Worker, workman, workingman, laborer, craftsman, handicraftsman, mechanic, artisan, hand, operative, roustabout can all mean one who earns his living by labor, especially by manual labor.
Worker , the most comprehensive and least specific of these terms, applies to someone who earns his living by work of hand or brain.
Workman does not imply a specific kind of work, but in all but its extended senses it commonly implies manual labor. It may be applied to one engaged to do a specified piece of work or to help in the construction of something requiring many workers; it may also be applied to a skilled or to an unskilled worker.
Usually it implies opposition to employer , or manager , or foreman .
In extended use the term is applicable to a worker whether he works with his hands or with his mind provided he makes, constructs, invents, or creates something.
Workingman is more restricted in its range of application than workman , and is, in spite of varying legal definitions, applied commonly to a wage earner who at an hourly, daily, or weekly rate pursues a trade (as carpentry, masonry, or plumbing) or is similarly employed in a mercantile, manufacturing, or industrial establishment as distinguished especially from an industrialist, a merchant, and a professional man.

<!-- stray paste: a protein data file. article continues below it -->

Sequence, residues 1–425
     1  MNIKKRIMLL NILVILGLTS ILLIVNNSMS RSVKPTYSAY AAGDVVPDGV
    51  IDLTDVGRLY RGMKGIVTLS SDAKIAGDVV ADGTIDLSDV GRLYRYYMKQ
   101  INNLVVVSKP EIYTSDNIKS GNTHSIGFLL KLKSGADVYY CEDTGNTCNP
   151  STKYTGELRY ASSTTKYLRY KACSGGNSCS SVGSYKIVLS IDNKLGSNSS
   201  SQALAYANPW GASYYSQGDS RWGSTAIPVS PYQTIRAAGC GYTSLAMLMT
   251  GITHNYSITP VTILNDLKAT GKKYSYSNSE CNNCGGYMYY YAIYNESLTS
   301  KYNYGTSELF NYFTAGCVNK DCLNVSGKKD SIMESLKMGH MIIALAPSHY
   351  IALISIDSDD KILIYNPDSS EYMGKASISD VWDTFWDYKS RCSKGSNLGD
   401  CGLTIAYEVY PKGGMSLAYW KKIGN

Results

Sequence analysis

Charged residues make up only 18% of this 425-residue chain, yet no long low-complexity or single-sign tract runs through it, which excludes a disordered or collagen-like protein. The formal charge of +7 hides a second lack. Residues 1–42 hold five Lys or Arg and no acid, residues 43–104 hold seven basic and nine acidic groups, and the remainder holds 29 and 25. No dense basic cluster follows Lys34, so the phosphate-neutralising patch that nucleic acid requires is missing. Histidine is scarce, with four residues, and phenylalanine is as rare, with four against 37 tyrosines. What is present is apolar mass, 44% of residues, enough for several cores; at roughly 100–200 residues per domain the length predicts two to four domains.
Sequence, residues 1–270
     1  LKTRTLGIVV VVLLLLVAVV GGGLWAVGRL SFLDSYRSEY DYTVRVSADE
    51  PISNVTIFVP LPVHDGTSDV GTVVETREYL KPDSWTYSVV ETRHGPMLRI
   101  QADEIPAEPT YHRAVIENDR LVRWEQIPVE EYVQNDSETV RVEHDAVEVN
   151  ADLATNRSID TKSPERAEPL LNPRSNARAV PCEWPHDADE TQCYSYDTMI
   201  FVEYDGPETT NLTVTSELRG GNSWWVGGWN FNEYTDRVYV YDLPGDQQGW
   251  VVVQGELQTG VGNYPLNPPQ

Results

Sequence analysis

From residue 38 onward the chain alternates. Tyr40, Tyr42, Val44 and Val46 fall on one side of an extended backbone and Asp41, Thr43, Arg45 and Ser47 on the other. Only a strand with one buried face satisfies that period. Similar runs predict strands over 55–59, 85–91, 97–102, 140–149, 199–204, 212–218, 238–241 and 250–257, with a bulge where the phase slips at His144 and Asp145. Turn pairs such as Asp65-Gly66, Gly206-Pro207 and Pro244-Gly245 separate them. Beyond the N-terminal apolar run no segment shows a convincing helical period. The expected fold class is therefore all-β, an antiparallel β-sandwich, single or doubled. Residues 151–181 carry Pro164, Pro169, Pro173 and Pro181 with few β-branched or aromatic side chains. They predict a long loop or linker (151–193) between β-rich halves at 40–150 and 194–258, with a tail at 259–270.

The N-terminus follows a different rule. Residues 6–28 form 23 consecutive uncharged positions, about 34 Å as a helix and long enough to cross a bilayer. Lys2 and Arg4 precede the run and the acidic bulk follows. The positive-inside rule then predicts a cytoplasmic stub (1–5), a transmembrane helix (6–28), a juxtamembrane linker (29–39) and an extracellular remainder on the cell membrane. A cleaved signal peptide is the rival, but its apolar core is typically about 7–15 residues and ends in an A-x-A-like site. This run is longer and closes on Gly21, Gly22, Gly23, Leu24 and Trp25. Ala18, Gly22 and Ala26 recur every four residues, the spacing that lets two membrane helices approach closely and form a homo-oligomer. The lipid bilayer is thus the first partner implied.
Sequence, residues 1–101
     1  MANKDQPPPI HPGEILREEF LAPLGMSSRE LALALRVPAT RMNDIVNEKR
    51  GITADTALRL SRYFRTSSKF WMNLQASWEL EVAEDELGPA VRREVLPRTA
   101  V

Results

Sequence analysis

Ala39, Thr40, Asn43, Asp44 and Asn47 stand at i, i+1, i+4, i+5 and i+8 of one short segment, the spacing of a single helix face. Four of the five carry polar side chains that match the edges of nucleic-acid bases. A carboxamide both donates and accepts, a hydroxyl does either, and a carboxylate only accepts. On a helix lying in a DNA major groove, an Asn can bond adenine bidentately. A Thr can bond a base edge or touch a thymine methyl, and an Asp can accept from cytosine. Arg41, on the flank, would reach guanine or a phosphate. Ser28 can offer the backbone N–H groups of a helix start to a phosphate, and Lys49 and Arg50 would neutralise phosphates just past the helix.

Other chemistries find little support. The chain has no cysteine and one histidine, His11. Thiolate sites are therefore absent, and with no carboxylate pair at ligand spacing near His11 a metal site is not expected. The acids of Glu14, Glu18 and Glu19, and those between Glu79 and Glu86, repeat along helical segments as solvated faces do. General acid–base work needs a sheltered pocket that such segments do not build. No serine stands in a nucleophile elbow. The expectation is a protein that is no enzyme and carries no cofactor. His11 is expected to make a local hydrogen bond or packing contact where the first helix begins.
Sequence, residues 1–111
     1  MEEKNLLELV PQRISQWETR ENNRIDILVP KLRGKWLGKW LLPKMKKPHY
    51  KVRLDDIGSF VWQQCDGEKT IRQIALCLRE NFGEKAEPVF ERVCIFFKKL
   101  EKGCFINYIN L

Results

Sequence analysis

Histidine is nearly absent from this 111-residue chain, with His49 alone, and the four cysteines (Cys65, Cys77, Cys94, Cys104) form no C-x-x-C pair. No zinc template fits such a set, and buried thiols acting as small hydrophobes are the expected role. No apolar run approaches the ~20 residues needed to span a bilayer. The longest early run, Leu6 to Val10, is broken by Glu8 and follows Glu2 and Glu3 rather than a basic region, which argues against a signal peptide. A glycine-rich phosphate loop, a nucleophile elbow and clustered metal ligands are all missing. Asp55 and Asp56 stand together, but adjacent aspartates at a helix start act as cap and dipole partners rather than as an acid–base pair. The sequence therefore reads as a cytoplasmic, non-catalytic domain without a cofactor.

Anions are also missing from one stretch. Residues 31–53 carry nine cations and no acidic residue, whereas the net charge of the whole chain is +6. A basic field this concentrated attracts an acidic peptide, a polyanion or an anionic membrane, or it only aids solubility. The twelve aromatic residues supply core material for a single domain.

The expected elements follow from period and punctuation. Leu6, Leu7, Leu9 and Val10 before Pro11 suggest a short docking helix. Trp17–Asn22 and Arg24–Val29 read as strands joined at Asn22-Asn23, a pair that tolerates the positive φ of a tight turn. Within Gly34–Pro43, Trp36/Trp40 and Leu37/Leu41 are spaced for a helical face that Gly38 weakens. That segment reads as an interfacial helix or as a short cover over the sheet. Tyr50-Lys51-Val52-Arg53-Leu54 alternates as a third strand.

Laborer commonly designates one whose work demands more strength and physical exertion than skill (as on a construction or excavation job).
Craftsman and handicraftsman basically apply to one who is a skilled workman in a craft or handicraft (see craft handicraft under TRADE 1 ). Unlike the foregoing terms these two are common in general use and may apply as freely with reference to an avocation as to an employment.
But the former may apply distinctively to a worker who is a competent technician or who is versed in the technique of his art, profession, or trade. It is especially used of artists, writers, playwrights, or skilled artificers.
Mechanic applies specifically to a workman skilled in the repair or adjustment of machines.
Artisan is more often opposed to artist (for this sense see under ARTIST 1 ) than employed as a designation of a particular type of workman. When applied to workingmen as such and without thought of opposition to artist , the term comes very close to craftsman and is commonly applied to one who is skilled in a trade (as carpentry, weaving, or shoemaking) that involves learned skills and their appropriate application as well as physical labor.
Hand is applied to one of a crew, a force, or a gang of workmen or sometimes to an owner’s or proprietor’s helper or assistant.
Operative , a general term suggestive of modern industrial conditions, applies to a workman employed in a mill, a manufactory, or an industry utilizing machines.
Roustabout usually adds to laborer distinguishing implications of muscular fitness for exceedingly heavy work, roughness, and, often, migratory habits.